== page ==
If the Red Sox can somehow win two games in a row – something they haven’t done all month – they will very likely have to play again tomorrow in a one-game playoff with the Tampa Bay Rays, who are playing a resting Yankees squad tonight.

All square – Peter Abraham looks at things all tied up, with one to go.

Red Sox not closing book yet – Gordon Edes looks at what could be the final chapter in this Wild Card chase. Rob Bradford says that there is no one the Red Sox would rather have save their season than Jon Lester. Christopher Smith says that it is time to put up or shut up. John Tomase says that despite the collapse, this stretch run has been very exciting. Steve Buckley says that forgiveness can only come with a Wild Card berth.

Ryan Lavarnway Does More Than the Average Fill-In, Carries Red Sox Offense in Crucial Victory – Tony Lee looks at the 24-year-old rookie from Yale who may have saved the Red Sox season. Joe McDonald looks at the impressive performance both at and behind the plate for the rookie.  Alex Speier says that Lavarnway was well-prepared for this position. Scott Lauber has the rookie getting his homework done before the game. Sean McAdam has the rookie happy to contribute.

Sox in trouble even if they make ALDS – Sean McAdam doesn’t paint a pretty picture for the Sox if they somehow survive today and tomorrow.

I suppose I should comment on the trash submitted by Globe columnist Brian McGrory this morning. Entitled These Red Sox not a good fit for Boston, the column says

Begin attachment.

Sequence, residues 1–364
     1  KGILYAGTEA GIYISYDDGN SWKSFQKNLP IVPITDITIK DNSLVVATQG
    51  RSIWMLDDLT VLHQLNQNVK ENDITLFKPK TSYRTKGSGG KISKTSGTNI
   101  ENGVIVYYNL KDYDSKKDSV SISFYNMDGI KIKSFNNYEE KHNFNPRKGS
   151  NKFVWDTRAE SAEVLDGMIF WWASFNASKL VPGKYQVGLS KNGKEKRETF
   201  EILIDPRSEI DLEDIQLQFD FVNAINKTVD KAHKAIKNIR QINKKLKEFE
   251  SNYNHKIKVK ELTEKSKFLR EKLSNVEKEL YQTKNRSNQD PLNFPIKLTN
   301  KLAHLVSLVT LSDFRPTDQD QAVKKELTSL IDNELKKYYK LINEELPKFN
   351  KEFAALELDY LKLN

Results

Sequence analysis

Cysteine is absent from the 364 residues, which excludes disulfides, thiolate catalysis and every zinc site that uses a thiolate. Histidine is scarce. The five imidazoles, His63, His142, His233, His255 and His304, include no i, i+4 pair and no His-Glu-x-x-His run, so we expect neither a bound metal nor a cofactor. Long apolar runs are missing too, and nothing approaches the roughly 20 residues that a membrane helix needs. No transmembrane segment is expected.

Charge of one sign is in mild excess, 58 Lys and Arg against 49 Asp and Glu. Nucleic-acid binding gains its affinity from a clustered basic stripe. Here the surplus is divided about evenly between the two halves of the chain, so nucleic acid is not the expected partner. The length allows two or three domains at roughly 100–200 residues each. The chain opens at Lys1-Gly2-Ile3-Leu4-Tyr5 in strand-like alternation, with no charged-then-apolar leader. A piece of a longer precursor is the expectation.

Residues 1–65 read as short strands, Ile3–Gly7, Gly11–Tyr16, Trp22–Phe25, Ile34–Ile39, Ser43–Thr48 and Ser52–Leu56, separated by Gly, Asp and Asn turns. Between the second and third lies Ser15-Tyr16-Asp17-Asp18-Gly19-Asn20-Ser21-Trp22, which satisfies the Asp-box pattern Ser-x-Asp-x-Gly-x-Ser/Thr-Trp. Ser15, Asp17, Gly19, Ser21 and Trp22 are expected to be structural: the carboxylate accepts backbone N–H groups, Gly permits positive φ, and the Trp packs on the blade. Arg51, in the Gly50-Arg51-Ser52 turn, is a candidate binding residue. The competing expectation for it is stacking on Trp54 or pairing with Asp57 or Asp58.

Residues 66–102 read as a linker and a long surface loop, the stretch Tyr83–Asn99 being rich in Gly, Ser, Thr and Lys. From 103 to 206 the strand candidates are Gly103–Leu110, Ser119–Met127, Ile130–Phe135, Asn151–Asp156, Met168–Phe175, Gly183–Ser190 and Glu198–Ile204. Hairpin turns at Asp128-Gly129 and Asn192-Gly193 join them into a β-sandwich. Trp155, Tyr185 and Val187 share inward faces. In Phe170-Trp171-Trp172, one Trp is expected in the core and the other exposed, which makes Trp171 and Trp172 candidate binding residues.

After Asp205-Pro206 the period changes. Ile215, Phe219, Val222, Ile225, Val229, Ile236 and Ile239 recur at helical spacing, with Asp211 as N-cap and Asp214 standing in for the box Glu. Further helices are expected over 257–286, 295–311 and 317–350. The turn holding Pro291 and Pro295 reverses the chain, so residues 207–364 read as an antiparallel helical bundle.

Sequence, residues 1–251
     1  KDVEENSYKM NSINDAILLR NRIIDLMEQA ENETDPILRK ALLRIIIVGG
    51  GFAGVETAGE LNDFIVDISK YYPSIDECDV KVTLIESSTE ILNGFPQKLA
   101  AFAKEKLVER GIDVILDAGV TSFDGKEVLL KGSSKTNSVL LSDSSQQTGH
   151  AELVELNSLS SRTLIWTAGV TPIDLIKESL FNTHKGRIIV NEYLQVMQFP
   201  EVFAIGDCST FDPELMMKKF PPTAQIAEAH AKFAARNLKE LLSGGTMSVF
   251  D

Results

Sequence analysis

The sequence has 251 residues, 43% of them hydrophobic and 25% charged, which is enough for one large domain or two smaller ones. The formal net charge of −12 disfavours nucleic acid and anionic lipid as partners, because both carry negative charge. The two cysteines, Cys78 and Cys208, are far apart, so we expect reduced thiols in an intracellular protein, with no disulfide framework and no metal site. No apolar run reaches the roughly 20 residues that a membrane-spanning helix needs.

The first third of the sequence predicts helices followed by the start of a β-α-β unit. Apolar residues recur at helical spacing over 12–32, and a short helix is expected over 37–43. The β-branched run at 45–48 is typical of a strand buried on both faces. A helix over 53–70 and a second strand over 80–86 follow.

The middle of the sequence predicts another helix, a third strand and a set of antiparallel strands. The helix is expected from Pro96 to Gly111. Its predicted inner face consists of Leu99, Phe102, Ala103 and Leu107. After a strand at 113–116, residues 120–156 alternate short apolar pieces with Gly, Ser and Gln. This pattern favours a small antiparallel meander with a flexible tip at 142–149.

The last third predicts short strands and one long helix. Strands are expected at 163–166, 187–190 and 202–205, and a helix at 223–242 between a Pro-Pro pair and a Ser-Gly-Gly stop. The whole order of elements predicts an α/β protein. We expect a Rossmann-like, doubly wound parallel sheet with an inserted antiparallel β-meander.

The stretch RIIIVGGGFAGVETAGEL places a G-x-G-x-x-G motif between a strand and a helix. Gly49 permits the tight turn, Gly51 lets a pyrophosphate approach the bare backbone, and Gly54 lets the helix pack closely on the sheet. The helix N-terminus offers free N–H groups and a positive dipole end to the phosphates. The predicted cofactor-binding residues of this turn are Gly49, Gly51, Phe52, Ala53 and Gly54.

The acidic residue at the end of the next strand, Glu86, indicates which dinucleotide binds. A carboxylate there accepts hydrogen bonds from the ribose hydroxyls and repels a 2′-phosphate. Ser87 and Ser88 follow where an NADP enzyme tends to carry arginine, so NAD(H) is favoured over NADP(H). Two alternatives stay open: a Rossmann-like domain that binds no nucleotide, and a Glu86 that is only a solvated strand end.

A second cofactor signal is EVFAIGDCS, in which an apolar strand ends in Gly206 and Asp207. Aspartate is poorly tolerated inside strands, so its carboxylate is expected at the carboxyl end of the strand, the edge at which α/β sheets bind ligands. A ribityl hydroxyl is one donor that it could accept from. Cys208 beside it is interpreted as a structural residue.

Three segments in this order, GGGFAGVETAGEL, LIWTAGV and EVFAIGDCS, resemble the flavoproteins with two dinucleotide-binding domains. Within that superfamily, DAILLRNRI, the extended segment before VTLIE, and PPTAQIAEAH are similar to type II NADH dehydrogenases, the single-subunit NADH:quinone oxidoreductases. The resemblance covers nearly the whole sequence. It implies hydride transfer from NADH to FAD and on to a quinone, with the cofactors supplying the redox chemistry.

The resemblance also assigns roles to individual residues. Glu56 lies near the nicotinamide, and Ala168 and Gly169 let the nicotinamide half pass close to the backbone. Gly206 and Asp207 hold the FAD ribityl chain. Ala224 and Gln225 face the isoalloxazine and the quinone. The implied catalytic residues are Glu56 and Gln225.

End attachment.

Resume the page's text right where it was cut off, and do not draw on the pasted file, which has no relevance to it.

If you’re whining, moaning, wailing, or crying, get yourself a grip. This store-bought team never reflected Boston. It never paid homage to what the city and the Red Sox have traditionally been. This team, in short, never had a story and never had a narrative arc. If it did, it would read as follows: We should win more games because we spent more money.

He also lists off all the free agent busts of the last few years. I’m wondering though, what exactly makes this team any different from 2004 or 2007. Both of those teams had about the same or perhaps even less homegrown talent than this one has.

This column smacks of the ESPN the Magazine storyline of what New Englanders are, their puritanical and thrifty roots, and how all that in some way, shape, or form relates to how we cheer for our sports teams. Sports these days is all about spending money. The team that is ahead of the Red Sox in the AL East standings is the one that spent more money than they did. You can say that this team is not likeable, that’s a valid argument perhaps, but not a good fit for Boston? Had they sailed into the postseason without any issues would this column have been written?

Ironman now Alfredo Aceves’ role – Where would the Red Sox be without the Yankees castoff? Lauber’s notebook has the reliever shining for the third game in a row. The Globe notebook from Peter Abraham has more on Aceves, as do the notes from Sean McAdam. The Red Sox Journal has Terry Francona shuffling up his lineup last night.

And yes, you did hear Mike and Lap Dog trashing Jacoby Ellsbury for four hours yesterday. He’s not their type of player. Not enough of a Trot Nixon-like “Dirt dog.” Leave it to Matty in the Morning on Kiss 108 this morning to take Felger to task, mentioning the irony of Felger and his “musical theatre” background calling Ellsbury a pretty boy…

Seymour leads Raiders revival – Ron Borges looks at how the former Patriot has transformed the entire Oakland franchise and brought it back to its nasty roots. Chris Forsberg says to get ready for the ‘what-ifs’ in regards to Seymour.

What might have been: Bill Belichick, Oakland Raider? – Christopher Price notes that Al Davis interviewed Belichick for his head coaching spot twice during the 1990s.

Bill Belichick’s Job Interview With Raiders Spurred Patriots’ Dynasty and 19 Other Thoughts – Jeff Howe also touches on the interview in his 20 thoughts for the week.

Patriots didn’t have things covered in the secondary – In reviewing the loss to the Bills, Greg A Bedard notes that once again, the big issues were with the secondary.